Streaming platforms are feeding the growing boom in smart speakers such as Echo, Home and HomePod, study reveals

Key Points
  • AudienceNet said music services such as Spotify, Apple Music and Pandora are snagging a larger share of music consumption, according to a study released on Monday.
  • The trend is also feeding a boom in smart speakers, the study noted.
Samsung Galaxy Home

The markets for smart speakers and music streaming are becoming more interdependent, a new study suggests, as high-tech audio shifts the way consumers listen to music.

In data prepared for The Music Business Association and provided exclusively to CNBC on Monday, market research firm AudienceNet said that music services such as Spotify, Apple Music and Pandora are snagging a larger share of music consumption. The findings are part of a study called "Audiomonitor 2018: The Overall Music Listening Landscape," which surveyed 3,000 people over the age of 16.

The trend is also feeding a boom in smart speakers, the study noted. Smart speakers such as Google Home, Apple HomePod and Amazon's Echo are part of a movement that has sent sales of such devices skyrocketing by nearly 200 percent in the second quarter alone, according to a separate study from research firm Canalysis.

Source: Sonos

AudienceNet found that an estimated 14 percent of the U.S. population now owns a smart speaker, most of which can perform a range of automated tasks — but listening to music is the dominant use case among owners, the firm said. Among those surveyed, Amazon's Echo devices edged out Google and Apple in terms of popularity.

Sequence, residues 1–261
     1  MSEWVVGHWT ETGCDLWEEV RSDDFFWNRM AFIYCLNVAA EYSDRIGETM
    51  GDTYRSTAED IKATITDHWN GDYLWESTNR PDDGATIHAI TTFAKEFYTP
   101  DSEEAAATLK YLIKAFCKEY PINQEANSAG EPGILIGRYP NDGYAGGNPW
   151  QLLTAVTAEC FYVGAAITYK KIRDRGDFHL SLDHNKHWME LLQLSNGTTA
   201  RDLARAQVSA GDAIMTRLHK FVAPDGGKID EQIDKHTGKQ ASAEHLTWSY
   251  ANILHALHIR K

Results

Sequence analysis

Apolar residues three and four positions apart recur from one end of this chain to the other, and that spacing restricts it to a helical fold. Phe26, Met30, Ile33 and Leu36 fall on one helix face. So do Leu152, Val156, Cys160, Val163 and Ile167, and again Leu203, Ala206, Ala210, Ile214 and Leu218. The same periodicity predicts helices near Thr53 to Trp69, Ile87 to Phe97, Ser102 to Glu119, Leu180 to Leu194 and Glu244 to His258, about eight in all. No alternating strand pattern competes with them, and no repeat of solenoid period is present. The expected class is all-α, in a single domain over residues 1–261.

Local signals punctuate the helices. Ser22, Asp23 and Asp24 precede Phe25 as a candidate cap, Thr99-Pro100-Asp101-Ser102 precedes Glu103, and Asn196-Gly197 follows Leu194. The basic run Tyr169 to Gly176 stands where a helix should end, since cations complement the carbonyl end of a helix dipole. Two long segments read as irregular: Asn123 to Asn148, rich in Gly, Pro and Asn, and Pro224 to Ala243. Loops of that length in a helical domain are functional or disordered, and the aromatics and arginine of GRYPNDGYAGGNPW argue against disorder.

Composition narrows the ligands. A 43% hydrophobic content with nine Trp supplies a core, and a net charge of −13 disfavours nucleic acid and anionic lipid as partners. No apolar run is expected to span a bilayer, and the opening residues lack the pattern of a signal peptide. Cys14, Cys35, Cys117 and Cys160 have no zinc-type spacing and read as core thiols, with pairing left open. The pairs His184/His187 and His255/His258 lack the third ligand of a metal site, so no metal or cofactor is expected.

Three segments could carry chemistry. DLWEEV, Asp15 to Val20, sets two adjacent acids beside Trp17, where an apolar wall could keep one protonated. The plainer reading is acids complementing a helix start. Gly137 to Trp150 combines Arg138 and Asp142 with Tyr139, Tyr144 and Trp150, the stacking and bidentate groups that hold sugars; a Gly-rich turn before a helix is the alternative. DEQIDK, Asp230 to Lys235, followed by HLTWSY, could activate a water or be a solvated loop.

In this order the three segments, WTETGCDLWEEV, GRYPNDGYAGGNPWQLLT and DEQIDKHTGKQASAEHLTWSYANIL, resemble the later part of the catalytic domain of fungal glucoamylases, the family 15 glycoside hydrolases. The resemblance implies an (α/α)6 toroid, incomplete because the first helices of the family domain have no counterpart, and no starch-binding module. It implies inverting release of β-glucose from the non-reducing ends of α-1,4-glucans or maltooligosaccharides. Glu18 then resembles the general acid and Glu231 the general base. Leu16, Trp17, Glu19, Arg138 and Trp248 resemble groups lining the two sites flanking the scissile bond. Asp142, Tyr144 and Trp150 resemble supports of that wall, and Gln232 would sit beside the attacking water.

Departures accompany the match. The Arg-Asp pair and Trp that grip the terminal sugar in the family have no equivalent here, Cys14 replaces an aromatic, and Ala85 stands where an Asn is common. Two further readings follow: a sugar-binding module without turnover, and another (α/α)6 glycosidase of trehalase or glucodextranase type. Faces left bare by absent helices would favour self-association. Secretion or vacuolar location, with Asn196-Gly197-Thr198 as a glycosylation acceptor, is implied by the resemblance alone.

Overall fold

Yet one noteworthy detail found by the study was that 43 percent of smart-speaker owners surveyed by AudienceNet now use on-demand streaming services — and 37 percent of owners started paying for these services after purchasing their device.

AudienceNet's findings bolstered a report published by Adobe in September, which said that by 2019, nearly half of American households will own a smart speaker.

Apple, Google and Samsung are among the brands attempting to capitalize on the growing adoption of smart speakers, which is having a ripple effect on how, when and where music gets played.

In August, Samsung announced a new smart speaker to rival the Echo and HomePod. Called the Galaxy Home, the device was part of a new tie-up with Spotify that let users stream seamlessly across a range of Samsung TVs, phones and the Galaxy Home smart speaker. Spotify is the default music streaming service on the Galaxy Home, too.

Along those lines, "43 percent of smart speaker owners also agreed that using their device increased the amount of music playlists they listen to, while around 40 percent discovered more music and 38 percent listened to a broader range of music than they did previously," AudienceNet said.

Meanwhile, 73 percent of smart-speaker owners say that owning their device has "changed the way they listen to music," the firm said, with half of them agreeing that they listened to more music and spent longer listening since acquiring their device.

While AM/FM radio is still the most popular listening service in the U.S. at 31 percent of total listening time, on-demand streaming accounted for 27 percent of overall music consumption, AudienceNet found. Radio listening accounted for only 12 percent of listening among 16- to 24-year-olds, the study showed.

Amid the proliferation of mobile devices, smartphones were the most used in consuming music, with the study showing smartphones accounted for 25 percent of all music played.

— CNBC's Todd Haselton contributed to this report.